Even if the new papyrus were proved true, it would only add to a growing pile of ancient but apocryphal texts, Meynet said. “It won't reopen the debate and, anyway, we must wait for verification and be very cautious until we know the origin of the fragment.”

5. How will the Vatican respond?

If the Vatican’s new communications team is as good as they say it is, Rome will stay silent.

The Vatican and its media-savvy friends in Opus Dei said all they needed or wanted to say about Jesus' marital status during the whole “Da Vinci Code” saga a few years ago. They will likely let scholarly surrogates debate this one, while the hierarchy sits on the sidelines.

The Vatican insists that there's nothing new to debate about the gender and celibacy requirements for its priesthood. It's unlikely that a business card-sized scrap of papyrus of dubious origin is going to change that.

Or perhaps Pope Benedict XVI, himself a renowned scholar, will indirectly enter the fray over the fragment. He just finished his third and final installment on the historical Jesus. It will be published around Christmas, and will likely be as well received as the previous two, and sell as strongly.

(Alessandro Speciale contributed to this report from Rome.)

 

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Daniel Burke and David Gibson

11 Comments

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  • For the New Testament there are circa 24,000 manuscripts (about 7,000 in Greek and the rest in other languages). For the “Gospel of Jesus’ Wife” there is ONE. But do not concern yourself with that as that ONE is thought to successfully discredit the 24,000.

    Also, why is it that for New Testaments the demand is that we must have the earliest possible ones. However, for anything that appears to contradict it (“Gospel of Judas,” etc.) one, two, three, four centuries from Jesus’ time is perfectly acceptable, the later the better.

    We are dealing with a substandard double standard.

  • I also believe that Jesus was married. The wedding where he changed water into wine was his wedding to Mrthia. His brother-in-law was Lazerius. That is wy Marthia was so angry with Jesus when he came home after Lazerus died.

  • Obviously this is a Gnostic Document. Jesus tells us that we can know a tree from the fruit it produces. A defrocked nun acquires a Coptic Papyrus from an anonymous person. Oh, how I long for the days of the Dead Sea Scrolls. These documents also would “shake the foundation” of Christianity. P.S. The Gnostic Papyri found in Nag Hammadi, Egypt where also written in Coptic, a language descended from the Pharaohs. The foundation of Christianity is Jesus. We can only “move” him with our love and obedience.

  • Why haven’t any “biblical scholars” or journalists pointed out that the early Christians saw the Church as being the Bride of Christ (see the Pauline Letters)? Reread this “fragment” in light of that understanding…Even giving the papyrus the benefit of the doubt in spite of all evidence against it, it still doesn’t mean he had a particular person as his wife.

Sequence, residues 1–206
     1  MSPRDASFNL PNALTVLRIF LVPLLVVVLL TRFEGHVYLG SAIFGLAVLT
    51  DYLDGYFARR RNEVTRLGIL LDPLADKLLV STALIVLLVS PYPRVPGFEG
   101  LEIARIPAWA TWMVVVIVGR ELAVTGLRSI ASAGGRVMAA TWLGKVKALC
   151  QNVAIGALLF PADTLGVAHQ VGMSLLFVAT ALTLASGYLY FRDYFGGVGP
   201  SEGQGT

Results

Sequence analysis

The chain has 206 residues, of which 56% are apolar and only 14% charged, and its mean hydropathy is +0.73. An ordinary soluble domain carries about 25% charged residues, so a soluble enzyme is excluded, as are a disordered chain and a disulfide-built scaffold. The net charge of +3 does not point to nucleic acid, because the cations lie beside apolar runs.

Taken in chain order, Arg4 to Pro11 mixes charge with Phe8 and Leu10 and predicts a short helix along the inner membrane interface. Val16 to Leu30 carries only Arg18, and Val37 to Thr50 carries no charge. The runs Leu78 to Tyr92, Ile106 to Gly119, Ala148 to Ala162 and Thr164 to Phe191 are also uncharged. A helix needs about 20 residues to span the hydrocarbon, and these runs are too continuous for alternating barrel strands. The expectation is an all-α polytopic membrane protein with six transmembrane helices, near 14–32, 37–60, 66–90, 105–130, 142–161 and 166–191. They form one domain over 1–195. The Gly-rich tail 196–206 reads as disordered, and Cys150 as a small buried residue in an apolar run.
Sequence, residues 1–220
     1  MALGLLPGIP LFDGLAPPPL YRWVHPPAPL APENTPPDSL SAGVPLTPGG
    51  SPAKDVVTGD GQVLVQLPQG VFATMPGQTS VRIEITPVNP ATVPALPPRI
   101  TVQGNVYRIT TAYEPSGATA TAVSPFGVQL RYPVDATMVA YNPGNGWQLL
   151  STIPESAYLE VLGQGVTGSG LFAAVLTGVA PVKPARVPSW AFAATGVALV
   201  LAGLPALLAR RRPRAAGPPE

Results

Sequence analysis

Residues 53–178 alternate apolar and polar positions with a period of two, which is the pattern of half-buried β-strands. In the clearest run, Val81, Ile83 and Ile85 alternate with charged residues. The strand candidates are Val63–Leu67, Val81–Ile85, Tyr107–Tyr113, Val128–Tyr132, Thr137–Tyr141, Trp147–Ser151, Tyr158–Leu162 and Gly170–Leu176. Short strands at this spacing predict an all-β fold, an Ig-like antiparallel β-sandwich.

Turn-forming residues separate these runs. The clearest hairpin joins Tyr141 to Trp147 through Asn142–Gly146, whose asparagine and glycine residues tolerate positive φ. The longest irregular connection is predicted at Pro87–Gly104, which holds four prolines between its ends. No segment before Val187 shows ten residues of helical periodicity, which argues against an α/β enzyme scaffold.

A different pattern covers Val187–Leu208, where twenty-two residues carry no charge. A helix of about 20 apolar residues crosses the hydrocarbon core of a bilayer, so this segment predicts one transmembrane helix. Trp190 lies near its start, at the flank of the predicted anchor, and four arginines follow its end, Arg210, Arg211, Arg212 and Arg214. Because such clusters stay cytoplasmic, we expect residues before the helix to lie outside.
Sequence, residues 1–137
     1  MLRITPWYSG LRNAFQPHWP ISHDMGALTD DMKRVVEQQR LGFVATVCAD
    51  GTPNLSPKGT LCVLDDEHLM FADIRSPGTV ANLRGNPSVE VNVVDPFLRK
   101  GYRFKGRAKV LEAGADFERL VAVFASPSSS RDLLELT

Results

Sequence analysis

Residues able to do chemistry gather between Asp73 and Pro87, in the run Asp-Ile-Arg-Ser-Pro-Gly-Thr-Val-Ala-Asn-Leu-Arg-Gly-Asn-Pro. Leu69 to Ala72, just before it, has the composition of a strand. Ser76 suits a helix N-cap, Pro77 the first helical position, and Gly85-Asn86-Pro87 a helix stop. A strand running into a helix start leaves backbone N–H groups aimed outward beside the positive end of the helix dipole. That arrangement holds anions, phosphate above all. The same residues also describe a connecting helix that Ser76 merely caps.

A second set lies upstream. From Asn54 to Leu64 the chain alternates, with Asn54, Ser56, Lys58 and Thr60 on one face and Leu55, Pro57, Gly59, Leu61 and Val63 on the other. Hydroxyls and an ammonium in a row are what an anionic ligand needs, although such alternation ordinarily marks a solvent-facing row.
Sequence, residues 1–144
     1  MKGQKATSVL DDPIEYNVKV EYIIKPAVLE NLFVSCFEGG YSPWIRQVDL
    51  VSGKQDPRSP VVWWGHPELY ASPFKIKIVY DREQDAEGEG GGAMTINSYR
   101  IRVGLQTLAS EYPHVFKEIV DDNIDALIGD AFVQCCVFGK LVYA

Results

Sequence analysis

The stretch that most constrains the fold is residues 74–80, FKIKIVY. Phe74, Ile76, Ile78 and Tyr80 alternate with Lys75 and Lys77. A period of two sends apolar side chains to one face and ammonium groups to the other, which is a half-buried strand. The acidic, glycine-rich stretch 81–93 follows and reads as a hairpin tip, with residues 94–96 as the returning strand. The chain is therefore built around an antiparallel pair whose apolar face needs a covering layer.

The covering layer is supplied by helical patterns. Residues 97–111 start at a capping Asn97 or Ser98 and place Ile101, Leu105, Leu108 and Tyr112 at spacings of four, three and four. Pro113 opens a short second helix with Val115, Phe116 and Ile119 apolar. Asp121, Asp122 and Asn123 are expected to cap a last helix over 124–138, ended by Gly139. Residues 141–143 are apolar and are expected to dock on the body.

Show me where his reference to “My wife” doesn’t mean the Church?

    “She will be able to be my disciple,” actually makes more sense if we understand that the Christ who spoke in Parables and symbolism was talking about the Church’s ability to follow him, rather than that of one flesh-and-blood individual.

  • Artaban7, check out the answer to question 3:

    “The Bible, of course, says nothing about Jesus marrying, though New Testament writers occasionally used the metaphor of the church and God’s people as the `bride of Christ.’”

  • The French have a wonderful saying “the more things change the more they stay the same”. None of this marriage idea is new nor frankly relevant. The Romans don’t believe becuase it does not support in their minds the notion of an all male cultic priesthood. The radical feminist do believe it becuase it does not support such a priesthood and has other implications.The Gnostics are and were as about as credible as Mitt Romney and changed almost as much as he does. You want a gay Jesus they have one for you, you want a married Jesus they got that for you too, and if you want a “yin yang” messiah that is both they even have that for you and just to complete the “consumer Jesus brand” they also have a magician Jesus that changes rocks into birds! Nothing has changed becuase of the typical hype and spin of this story and it is frankly disappointing but not unexpected for so called responsible new sites to try and create a fact out of a presupposition.

  • Sadly this discover only proves the weakness of human intelligence. I think I’ll write The Gospel According to Bob and bury it where it is most likely to be discovered in 1000 years. Surely by then it’s age will provide the necessary credibility to fool the world.